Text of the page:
It’s often said that getting there is half the adventure. That would be true for this year’s trip to New York City for the annual Five Boro Bike Tour.

We left Ottawa shortly after 8:00, and headed south to cross the border at Prescott. The friendly American border guard was amazed at the number of Canadians who had already passed through with their bikes strapped on to their cars, heading for the Big Apple.

Most people drive to New York via Syracuse. We took our usual route through the Adirondack Park to Warrensburg, where we join up with the I-87.

This year we switched hotels, but were still in the Financial District. It’s a bit of a maze, and your GPS won’t work because of the high buildings. So warning — print a map before you go. And then mark off all the streets that are closed off for security reasons and then others for repairs to the aging infrastructure.

We were a bit lost because we kept trying to turn towards where he hotel was but were faced with security barriers, road closures and one way streets. Eventually we pulled over and I stepped out of the Mini with the map and asked a security guard.

He was very kind, and offered to let us through the secure area because he couldn’t figure out another route. He pressed a button, and magically the metal barrier retreated into the ground like a trash compactor. Then we had to stop, turn off the motor and a dog sniffed around the car, then in the trunk. From there we were allowed to proceed.

At the other end of the secure area, we asked the next security guard, just to be sure we were going in the right direction. He was a bit confused as to how we had gotten as far as we did. It was easy from that point to get to our final destination: Hotel Reserve.

While we were unloading, a large African American man who was moving trash down the sidewalk stopped to chat with us.  “Where y’all from?” was how he started. We told him we were here for the bike tour. And he wished us luck with the race. He walked away saying, “Everyone’s a winner…”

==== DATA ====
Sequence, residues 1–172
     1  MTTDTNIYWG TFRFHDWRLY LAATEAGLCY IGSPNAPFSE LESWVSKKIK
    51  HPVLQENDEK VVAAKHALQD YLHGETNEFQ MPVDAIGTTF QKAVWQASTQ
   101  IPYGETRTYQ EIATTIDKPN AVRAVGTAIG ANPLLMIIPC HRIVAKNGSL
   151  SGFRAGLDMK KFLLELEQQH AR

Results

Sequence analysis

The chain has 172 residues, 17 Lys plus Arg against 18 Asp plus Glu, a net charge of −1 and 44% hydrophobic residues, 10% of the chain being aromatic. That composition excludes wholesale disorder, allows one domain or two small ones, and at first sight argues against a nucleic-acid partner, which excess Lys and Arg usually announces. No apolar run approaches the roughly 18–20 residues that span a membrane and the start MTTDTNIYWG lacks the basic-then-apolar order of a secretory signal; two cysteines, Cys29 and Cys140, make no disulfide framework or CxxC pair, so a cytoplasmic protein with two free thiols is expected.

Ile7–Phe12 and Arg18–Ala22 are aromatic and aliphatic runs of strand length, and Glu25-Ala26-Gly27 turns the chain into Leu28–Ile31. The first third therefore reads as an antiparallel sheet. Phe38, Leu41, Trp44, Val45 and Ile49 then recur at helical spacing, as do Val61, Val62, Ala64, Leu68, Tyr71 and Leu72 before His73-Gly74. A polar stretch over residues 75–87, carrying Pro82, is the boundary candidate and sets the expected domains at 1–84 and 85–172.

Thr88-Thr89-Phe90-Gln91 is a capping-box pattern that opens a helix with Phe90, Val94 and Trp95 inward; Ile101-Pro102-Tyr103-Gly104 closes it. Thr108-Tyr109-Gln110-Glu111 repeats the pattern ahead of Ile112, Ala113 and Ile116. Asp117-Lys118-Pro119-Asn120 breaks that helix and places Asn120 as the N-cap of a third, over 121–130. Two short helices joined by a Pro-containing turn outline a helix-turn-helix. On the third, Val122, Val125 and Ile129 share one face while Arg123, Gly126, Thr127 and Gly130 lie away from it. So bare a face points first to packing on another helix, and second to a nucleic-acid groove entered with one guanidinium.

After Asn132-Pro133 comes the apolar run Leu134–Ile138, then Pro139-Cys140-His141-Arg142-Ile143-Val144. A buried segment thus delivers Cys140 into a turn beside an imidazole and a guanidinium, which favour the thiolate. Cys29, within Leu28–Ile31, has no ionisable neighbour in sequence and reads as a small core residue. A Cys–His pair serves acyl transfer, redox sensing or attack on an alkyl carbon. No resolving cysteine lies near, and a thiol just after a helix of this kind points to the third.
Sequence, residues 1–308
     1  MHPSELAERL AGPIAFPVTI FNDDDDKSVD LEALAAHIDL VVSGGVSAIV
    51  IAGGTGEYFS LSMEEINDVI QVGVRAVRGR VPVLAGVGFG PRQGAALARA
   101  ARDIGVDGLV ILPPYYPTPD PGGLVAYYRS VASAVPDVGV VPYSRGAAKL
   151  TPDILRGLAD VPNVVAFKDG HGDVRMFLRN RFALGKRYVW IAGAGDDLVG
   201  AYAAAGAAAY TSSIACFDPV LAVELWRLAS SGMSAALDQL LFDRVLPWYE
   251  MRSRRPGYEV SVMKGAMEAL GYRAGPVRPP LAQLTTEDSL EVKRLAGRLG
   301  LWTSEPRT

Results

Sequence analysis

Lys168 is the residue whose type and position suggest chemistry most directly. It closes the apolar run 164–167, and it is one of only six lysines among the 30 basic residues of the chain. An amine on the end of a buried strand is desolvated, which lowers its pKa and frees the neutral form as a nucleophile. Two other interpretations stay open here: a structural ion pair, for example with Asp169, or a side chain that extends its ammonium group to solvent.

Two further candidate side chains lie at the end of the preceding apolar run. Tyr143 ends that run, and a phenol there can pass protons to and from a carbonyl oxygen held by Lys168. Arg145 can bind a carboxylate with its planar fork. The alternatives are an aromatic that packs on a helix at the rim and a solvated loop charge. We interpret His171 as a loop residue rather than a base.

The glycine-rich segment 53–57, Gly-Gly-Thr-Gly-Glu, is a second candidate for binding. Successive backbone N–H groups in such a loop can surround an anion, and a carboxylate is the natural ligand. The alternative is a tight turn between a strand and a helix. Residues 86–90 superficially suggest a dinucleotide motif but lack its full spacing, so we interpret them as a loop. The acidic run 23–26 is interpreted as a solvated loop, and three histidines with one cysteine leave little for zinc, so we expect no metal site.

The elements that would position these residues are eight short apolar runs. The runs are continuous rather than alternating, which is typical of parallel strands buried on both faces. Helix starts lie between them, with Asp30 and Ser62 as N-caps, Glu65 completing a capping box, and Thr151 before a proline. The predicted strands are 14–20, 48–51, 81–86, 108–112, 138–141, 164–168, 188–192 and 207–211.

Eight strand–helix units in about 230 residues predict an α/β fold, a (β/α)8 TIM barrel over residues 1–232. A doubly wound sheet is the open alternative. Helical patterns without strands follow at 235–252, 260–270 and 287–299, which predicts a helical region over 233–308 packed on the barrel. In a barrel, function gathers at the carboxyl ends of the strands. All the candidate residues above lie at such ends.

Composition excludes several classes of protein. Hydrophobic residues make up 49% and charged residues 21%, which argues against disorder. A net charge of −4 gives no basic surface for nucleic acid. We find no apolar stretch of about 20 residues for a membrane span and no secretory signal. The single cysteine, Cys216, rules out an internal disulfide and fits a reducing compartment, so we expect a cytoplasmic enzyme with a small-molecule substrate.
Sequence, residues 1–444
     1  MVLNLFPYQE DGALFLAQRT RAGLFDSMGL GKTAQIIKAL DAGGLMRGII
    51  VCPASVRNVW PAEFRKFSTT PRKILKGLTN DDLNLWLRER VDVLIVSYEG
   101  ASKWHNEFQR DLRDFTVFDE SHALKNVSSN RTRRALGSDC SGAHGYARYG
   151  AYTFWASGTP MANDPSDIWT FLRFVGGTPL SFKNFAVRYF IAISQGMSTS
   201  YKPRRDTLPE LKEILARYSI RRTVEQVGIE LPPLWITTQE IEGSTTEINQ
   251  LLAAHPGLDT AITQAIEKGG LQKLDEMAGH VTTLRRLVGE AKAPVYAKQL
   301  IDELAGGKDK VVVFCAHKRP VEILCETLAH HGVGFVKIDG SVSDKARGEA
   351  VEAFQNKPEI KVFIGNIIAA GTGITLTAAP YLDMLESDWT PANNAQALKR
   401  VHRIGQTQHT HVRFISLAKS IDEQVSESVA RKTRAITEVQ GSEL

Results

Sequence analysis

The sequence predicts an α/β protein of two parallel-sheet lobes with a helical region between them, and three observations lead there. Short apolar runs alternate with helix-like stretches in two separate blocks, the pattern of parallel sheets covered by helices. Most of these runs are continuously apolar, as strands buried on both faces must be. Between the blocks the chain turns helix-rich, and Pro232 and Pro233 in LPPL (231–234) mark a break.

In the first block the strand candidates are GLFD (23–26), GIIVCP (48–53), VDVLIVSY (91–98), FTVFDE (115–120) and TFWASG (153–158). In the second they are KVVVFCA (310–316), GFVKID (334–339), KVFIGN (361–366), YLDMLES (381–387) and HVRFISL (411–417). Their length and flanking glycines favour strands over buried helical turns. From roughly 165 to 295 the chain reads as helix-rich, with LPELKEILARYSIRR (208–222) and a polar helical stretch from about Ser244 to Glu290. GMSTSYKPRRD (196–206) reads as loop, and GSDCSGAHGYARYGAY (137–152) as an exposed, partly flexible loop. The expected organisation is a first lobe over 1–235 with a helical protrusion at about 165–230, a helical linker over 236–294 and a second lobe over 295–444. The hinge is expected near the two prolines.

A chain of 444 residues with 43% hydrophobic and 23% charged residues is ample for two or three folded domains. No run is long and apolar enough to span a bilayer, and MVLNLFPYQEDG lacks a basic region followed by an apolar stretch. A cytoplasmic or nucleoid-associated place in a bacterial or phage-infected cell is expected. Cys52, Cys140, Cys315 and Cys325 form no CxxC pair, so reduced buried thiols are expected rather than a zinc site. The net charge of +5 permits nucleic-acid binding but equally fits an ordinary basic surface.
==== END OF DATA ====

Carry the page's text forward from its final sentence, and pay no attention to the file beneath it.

Once the car was unloaded, we had to drive to the parking garage. Remember all those one way streets? It took us 8 blocks to go 2 blocks. And this time we got to drive the Mini deep into the bowels of the parking garage. In Ottawa, the space would have held maybe 10 cars. In Manhattan, they have lifts to move cars up so that others can park underneath. And then they fill up the centre part.

Our room is small, basic and clean. And it’s cheap by Manhattan standards ($550 all taxes included for 3 nights). I do miss the fridge and coffee maker, but there are plenty of coffee shops nearby, and ice is just down the hall.

Once we were settled in, we started shopping. Century 21 was just a few blocks away, and since it was pouring rain we started there. Rob picked up a few wrinkle-free shirts and some socks. I got a new umbrella.

From there we went south to Syms on Trinity Place (just follow Church St.). We tried going to Daffys afterwards, but it was closing.

Today we’ll finish our local shopping, then head uptown to Macys, Pottery Barn, Crate and Barrel and Shoemania.

Around supper time, we’ll likely take the free ferry over to the Ikea in Brooklyn, where we can grab some cheap eats. Last night’s supper was about a 3 out 10 on taste and value.

Time to get up and go.

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